In the drive toward a future no longer dependent on burning fossil fuels for energy generation, several technologies have become front runners in the race to reduce carbon emissions and improve air quality. Among the most significant are lithium-ion batteries, biofuels, and renewable energy sources, such as wind power. Aside from lithium, which is, of course, an element, it’s not immediately obvious that trace elemental analysis plays any part in developing these technologies and ensuring their clean and safe implementation. In this series of three blog posts, I’ll explore each of these three technologies, starting with lithium-ion batteries, and examine where trace elemental analysis fits in.
Lithium-ion batteries and their role in the development of electric vehicles
Since their initial development in the 1970s and early 1980s, lithium-ion batteries have become a ubiquitous source of convenient energy for a variety of devices from mobile phones and laptops to cameras and electric bicycles. The world’s first lithium-ion battery-powered car, the Nissan Prairie Joy EV, with a range of up to 200 km (124 miles) of range and a top speed of 120 kph (75 mph), was launched in 1996 and in total, just 30 of these vehicles were sold. Since then, lithium-ion battery technology has gone on to become central to the development of a new generation of electric cars, aimed at the fast-growing, climate-aware consumer market. In 2019, 2.3 million electric vehicles — incorporating battery electric vehicles (BEVs) and plug-in hybrid electric vehicles (PHEVs) — were sold worldwide. By as soon as 2026, it’s estimated that this number will climb to around 8 million per year.1
Considerations for addressing the increasing demand for lithium-ion batteries
With this rapidly growing demand for electric vehicles, two significant questions arise, namely where is all the lithium (as well as other elements involved in battery production, such as nickel, cobalt, and manganese) going to come from and how will we deal with recycling, reprocessing and reusing the metals encased within spent batteries. The main answer to the first question is various forms of mining. Lithium is primarily mined from brines, pegmatites, and sedimentary rocks, and there are significant reserves in several countries, notably Chile, Australia, Argentina and China.2 Recently, there have been indications that extracting lithium from seawater might also be economically viable. With respect to recycling used batteries, multiple companies worldwide have developed (and are continuing to develop) lithium and other metal recovery methods based on mechanical, hydrometallurgical and pyrometallurgical processing steps.3 These processes are currently more expensive than mining lithium, but with the growth expected in electric vehicle sales in the next couple of decades, costs are anticipated to fall as the number of used batteries and the corresponding demand for reprocessed battery materials dramatically increases.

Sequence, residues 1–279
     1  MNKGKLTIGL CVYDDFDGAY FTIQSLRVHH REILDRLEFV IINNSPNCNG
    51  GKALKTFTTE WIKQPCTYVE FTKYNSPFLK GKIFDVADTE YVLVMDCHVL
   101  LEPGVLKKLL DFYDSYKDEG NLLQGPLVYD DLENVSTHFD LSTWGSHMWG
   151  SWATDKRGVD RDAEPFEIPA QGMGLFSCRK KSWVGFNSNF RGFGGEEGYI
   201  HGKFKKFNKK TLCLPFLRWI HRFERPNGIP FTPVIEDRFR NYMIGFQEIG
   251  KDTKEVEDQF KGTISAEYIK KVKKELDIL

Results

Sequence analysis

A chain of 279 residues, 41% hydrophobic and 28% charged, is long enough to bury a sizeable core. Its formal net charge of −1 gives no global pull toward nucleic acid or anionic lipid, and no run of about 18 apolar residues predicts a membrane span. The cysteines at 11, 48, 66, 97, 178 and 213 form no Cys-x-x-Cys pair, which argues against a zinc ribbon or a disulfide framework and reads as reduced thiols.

Where does elemental analysis fit in with the lithium battery lifecycle?
The requirement for elemental analysis in the lithium-ion battery lifecycle starts before the battery development and production processes. The yield and elemental purity of lithium salts extracted from minerals, brine fields, and (potentially) seawater both need to be determined and certified before these materials are sent for further processing into the lithium-based materials required for the battery components. These materials themselves also require elemental analysis to ensure their composition and purity prior to use. Lithium-ion batteries are composed of a cathode, anode, electrolyte, and separator, and of these, lithium alloys are required to make the cathode and electrolyte. There are five main types of cathode material, namely lithium cobalt oxide (LiCoO2 (LCO)), lithium nickel cobalt aluminium oxide (LiNICoAlO2 (NCA)), lithium manganese oxide (LiMn2O4 (LMO)), lithium nickel cobalt manganese oxide (LiNiCoMnO2 (NCM)) and lithium iron phosphate (LiFePO4 (LFP)). Of these, NCA, NCM, and LFP are mainly used in electric vehicle Li-ion batteries. The type of cathode used determines factors such as how much charge the battery can hold and how safe it is to use (there have been multiple incidents of lithium batteries catching fire), so measuring the elemental composition of cathode materials is also a key part of the battery development and production process. The second component of the battery that requires elemental analysis is the electrolyte. The most common liquid electrolyte material is lithium hexafluorophosphate (LiPF6) mixed with ethylene carbonate, dimethyl carbonate, and diethyl carbonate solvents. The presence of impurities such as water and transition metals in the electrolyte significantly degrade the charge carrying capacity of the battery and cause it to degrade faster during charging/discharging cycles, so ensuring that the reagents used to make the electrolyte have low impurity levels is vital.
What trace elemental analysis techniques are suitable for battery research, development, and production?